This diversified, experience-oriented product line suits preexisting customers but also communicates with demographics you may have never targeted. Diversified products diversify demographics which ultimately diversifies revenue opportunities.
Bergdorf’s in New York offers high tea while the Ralph Lauren flagship has an in-store coffee shop. Nordstrom, Armani, and Burberry are also well-versed on the incorporation of the on-brand food experience in an attempt to not only keep people’s experience in their stores well-rounded, multi-faceted and experience-oriented but to also promote their branded lifestyle on a plate in addition to a rack.
Etsy hosts pop-up shops to generate buzz and showcase their artisans.
Story NYC is a unique boutique that cycles through monthly or bi-monthly themed installations, hosted events and sponsorships that get customers in the door because they don’t want to miss the window and they keep customers coming back for more just to see what’s next.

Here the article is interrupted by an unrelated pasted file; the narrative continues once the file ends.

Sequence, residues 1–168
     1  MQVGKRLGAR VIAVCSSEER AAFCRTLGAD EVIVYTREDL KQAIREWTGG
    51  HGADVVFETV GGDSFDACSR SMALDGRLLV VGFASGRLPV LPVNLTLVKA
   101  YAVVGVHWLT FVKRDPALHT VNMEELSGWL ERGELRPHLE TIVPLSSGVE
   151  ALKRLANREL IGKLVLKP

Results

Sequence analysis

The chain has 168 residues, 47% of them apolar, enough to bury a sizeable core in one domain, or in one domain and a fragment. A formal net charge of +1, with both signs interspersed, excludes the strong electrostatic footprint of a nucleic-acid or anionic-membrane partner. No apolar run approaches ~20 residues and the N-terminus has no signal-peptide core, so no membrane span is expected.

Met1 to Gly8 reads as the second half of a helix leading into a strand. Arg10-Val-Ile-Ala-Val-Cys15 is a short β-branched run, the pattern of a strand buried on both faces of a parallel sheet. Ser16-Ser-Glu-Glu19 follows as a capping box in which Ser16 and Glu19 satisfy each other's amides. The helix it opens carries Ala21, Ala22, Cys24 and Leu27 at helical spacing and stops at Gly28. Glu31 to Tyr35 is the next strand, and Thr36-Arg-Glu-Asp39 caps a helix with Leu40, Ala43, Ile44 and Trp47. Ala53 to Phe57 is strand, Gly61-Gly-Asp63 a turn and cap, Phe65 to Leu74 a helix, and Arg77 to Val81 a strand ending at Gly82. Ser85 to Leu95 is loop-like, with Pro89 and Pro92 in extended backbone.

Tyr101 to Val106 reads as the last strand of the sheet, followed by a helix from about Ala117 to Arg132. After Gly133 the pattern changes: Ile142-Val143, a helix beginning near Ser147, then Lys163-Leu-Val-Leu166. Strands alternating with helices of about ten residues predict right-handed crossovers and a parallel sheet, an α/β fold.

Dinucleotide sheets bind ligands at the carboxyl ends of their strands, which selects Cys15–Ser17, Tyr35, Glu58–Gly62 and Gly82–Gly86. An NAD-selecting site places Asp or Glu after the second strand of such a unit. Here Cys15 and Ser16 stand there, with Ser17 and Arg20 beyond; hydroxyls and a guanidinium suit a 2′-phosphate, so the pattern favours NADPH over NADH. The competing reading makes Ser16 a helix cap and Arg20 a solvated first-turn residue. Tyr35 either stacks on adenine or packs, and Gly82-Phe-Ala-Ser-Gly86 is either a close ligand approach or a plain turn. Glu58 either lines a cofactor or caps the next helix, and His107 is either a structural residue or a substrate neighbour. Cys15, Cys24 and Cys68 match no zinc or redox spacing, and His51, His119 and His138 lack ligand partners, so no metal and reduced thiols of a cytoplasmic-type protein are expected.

These methods hold a time-constrained consumer’s attention much longer than the quick perusal of racks. Experiences also drive home a complete, branded, lifestyle message that easily surpasses the mono-faceted fashion themes of the boutiques of shopper’s past.
A store can no longer rest its success solely upon the shoulders of its mannequins. A compelling window display and impeccably decorated interior do not a successful boutique make. After all, every store pivots upon these principle features. The basics have changed. Experience is necessary.
Lauren is based in Atlanta, Georgia. In addition to writing here on Pursuit of Daydreams, Lauren’s daydreams consist of all forms of design: Graphic, Fashion, Web, Interior, Art. On any given day, she can be found preoccupied with at least one of the above. She is happiest with a bowl of ice cream in hand.